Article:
Glossier dupes that are available worldwide

Where do you get Glossier in Belgium? It’s a question I get asked by my Belgian followers almost every time I post something about the brand. Sadly, you can’t get Glossier in Belgium (yet). I got my Glossier bits through a friend who went to London and brought them for me. 

Although I believe 80% of what makes us desire Glossier products is the brand’s image and the cult created around it, many of their products are also just really good. So in order to grant my Belgian readers (and anyone else living in a country to where Glossier doesn’t ship) a little bit of the Glossier magic, I’ve listed up the dupes I’ve found, aka some products that are very similar to what’s in Glossier’s collection. And that are, in fact, internationally available. 

Skin care

I wouldn’t state that Glossier’s skin care is super ground-breaking in terms of active ingredients or the results they give. However, the ones I have tried are simply products that bring you a lovely bathroom experience and mostly also have a very nice smell to them.

Glossier Milky Jelly Cleanser (€ 17) = Origins Cleansing Makeup Removing Jelly (€ 19,50)

Glossier Milky Jelly Cleanser and Origins Cleansing Makeup Removing Jelly are very similar in texture and the way they act on the skin. Both have a bouncy jelly texture that lathers into a soft milk when mixed with water. They’re equally good at removing dirt and sweat off your face. The Origins I’d say would be a bit better at taking makeup off than the Glossier cleanser, but I use both as a second cleanse and never as a first to be honest. The Glossier Milky Jelly Cleanser has more of a floral (but still very light and pleasant) smell to it whereas the Origins Cleansing Makeup Removing Jelly has as good as no scent.

Glossier Super Bounce Serum (€ 26) = Caudalie Vinosource SOS Serum (€ 30,60)

I was super excited to try out the Glossier Super Bounce Serum and I really love it. But it actually delivers exactly the same results and the same pleasant, thirst-quenching experience as my beloved Caudalie Vinosource serum. Both have a milky texture yet sink into the skin like water, smell nice and simple and act well under other products – including makeup. The only difference would be the packaging. Both serums come in a nice sleek glass bottle, but the Glossier Super Bounce uses a dropper applicator while the Caudalie comes with a pump.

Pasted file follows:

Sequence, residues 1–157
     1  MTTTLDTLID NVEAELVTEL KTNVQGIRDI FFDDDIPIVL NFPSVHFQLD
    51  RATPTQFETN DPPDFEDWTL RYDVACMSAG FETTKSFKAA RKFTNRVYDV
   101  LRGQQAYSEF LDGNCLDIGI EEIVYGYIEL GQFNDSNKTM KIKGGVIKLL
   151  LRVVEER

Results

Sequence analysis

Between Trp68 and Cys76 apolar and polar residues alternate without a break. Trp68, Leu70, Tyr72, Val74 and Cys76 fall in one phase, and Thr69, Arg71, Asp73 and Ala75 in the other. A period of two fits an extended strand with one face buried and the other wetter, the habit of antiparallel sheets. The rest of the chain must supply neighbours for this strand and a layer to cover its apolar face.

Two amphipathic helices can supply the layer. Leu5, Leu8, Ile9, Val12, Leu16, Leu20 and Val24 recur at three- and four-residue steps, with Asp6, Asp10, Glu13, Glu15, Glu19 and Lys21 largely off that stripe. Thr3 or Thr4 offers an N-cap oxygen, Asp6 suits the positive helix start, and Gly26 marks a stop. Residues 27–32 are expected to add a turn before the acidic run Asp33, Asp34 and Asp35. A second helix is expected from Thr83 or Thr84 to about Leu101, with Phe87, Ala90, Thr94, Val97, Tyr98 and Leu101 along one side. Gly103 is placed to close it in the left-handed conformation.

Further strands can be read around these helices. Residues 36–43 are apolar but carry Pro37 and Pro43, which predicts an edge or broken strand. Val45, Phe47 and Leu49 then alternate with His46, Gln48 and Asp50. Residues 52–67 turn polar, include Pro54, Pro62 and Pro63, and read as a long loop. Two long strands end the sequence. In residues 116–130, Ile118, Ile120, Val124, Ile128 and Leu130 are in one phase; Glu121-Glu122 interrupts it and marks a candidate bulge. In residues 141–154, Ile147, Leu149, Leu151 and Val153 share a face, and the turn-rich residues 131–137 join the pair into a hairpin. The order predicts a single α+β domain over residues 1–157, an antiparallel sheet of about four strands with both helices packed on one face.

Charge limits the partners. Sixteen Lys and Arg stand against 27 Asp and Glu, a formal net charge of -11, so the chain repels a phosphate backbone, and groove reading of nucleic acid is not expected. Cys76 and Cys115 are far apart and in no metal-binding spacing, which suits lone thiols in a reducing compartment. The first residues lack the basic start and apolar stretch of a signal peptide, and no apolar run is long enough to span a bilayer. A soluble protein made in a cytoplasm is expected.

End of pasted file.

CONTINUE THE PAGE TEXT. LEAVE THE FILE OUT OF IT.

Glossier Mega Greens Galaxy Pack Detox Mask (€ 21) = Aesop Primrose Facial Cleansing Masque (€ 33)

Or, actually, any other clay mask that isn’t over-drying. The Glossier Detox Mask is a nice green-white clay just like the Aesop Primrose Masque, but has little exfoliating scrub particles which the Aesop doesn’t. Both feel very refreshing on the skin and are marketed towards city skin that is often exposed to pollution. As said they’re not super drying which some clay masks may be – I find both the Glossier and the Aesop would work well for drier or more sensitive skin types as well.

Glossier Moisturising Moon Mask (€ 21) = Skin Regimen Night Detox Mask (€ 81,60)

Oh, how I love both of these masks dearly. Even though the Skin Regimen Night Detox Mask is not really marketed as a moisturising mask but more as an anti-pollution, brightening night treatment, it’s very similar in texture to the Glossier Moon Mask. Both have a bouncy, milky yoghurt texture and feel super cooling when applied to the skin. They’re light enough to be suitable for spot-prone skin as well, but still so hydrating that they’d quench even the thirstiest among us. I like to keep these masks in the fridge to lather on in the morning to smooth out my puffy face. But you might as well use them in the evening and even leave them on overnight, because they sink into your skin completely. The only noticeable difference here – apart from the significantly higher price point of the Skin Regimen Night Detox – is the smell: the Glossier smells just like their cleanser, while the Skin Regimen Mask definitely has a more herbal scent.